Jonathan Gold soaks in Red Hill’s “slightly deranged farmhouse feel,” deeming the pickle-lined bread and cheese plate, “crafty, folky, a bit clumsy and subtly manipulative,” much like Jason Michaud’s new Echo Park restaurant itself. The latter designator is best summed up by Gold’s confusion over “whether a chef calling his restaurant Red Hill is expressing…fondness for lefty communalism or doing it for the same reason a college student might wear a trendy T-shirt emblazoned with Che,” as they bring “quinoa salad…and beets with farro to an area better known for pupusas.” Noting the abundance of fresh stuff in both the vegetarian dishes and lardo-glazed beignets, and the contradictory procession of blackened cauliflower and roasted yams caramelized in duck fat, Gold mostly notes, rather than praises, the dishes, though he spends some venom on the “gluey noodles” and mussels “tending toward rubberiness.”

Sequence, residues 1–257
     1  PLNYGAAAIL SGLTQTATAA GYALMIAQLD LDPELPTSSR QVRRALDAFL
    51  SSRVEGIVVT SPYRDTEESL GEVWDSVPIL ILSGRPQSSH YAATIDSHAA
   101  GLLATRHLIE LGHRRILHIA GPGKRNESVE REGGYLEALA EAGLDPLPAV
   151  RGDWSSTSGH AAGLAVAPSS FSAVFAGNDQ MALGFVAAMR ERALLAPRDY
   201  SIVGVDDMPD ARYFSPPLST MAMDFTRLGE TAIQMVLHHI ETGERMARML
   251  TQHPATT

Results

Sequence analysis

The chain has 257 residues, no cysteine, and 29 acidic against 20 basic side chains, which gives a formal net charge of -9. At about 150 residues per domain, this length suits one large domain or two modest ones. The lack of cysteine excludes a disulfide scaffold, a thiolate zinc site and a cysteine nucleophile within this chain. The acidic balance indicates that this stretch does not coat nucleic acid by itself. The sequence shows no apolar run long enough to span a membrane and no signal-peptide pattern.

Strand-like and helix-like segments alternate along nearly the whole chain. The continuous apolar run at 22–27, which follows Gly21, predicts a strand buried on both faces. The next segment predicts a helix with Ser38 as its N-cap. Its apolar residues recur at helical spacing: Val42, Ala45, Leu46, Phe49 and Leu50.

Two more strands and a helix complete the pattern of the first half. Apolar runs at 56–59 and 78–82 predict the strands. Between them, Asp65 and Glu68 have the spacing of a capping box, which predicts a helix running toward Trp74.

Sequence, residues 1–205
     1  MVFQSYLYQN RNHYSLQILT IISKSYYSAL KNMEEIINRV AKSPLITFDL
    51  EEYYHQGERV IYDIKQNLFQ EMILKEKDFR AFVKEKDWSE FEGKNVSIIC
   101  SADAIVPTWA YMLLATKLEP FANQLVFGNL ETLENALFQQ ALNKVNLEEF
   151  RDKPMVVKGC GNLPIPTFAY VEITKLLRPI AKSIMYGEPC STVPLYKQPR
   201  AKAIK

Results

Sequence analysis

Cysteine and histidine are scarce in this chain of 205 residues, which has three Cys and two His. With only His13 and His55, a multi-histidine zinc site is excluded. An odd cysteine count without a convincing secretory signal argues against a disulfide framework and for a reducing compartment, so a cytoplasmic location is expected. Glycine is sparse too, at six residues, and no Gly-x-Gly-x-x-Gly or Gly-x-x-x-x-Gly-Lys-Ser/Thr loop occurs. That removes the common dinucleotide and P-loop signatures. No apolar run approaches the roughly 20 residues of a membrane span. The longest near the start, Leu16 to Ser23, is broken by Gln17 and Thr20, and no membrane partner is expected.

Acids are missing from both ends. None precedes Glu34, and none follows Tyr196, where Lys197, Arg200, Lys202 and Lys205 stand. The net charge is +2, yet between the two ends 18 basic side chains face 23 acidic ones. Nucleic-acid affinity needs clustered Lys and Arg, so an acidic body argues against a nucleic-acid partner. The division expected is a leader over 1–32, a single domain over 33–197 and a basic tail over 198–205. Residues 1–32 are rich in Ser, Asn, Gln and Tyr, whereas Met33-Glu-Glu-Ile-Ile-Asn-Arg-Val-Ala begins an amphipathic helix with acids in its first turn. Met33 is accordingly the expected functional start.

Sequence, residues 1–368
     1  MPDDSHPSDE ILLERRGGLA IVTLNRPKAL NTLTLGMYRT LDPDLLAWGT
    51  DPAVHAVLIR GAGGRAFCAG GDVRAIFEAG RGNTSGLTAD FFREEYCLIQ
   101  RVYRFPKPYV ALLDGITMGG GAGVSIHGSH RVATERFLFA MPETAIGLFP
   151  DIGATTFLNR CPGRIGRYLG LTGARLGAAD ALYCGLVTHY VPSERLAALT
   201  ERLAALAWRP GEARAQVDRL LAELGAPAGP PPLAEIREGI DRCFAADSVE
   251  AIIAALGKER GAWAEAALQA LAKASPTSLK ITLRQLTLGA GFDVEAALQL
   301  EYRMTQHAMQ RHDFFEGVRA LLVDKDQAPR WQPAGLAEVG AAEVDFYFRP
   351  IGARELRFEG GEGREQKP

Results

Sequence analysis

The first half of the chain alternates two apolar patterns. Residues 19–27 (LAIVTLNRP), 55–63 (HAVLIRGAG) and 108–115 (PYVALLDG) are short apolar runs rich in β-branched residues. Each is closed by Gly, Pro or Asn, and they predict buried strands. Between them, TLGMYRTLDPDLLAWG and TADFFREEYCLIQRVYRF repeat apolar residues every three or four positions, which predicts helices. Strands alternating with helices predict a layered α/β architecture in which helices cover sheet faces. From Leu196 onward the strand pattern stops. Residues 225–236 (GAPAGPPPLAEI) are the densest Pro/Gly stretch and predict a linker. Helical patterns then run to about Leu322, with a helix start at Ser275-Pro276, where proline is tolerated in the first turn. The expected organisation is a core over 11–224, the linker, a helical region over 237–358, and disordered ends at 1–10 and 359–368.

As for the hits here, the critic appreciates the “excellent” fries making up half of the moules-frites, and finds that a dessert of olive oil cake expresses summer in “an unexpected way.” Shortly before some patron nearly falls off her three-legged stool and into his lap (maybe she thought he was Santa?), Gold saves his highest esteem for breakfast, where a menu of “evolved diner food” features blintzes and “some of the best hash browns in town.”
And of course, this being Echo Park and all, the poor guy can’t even write an honest review without the anti-gentrification brigade leaving nasty comments about what hardly reads like a blanket endorsement of the place.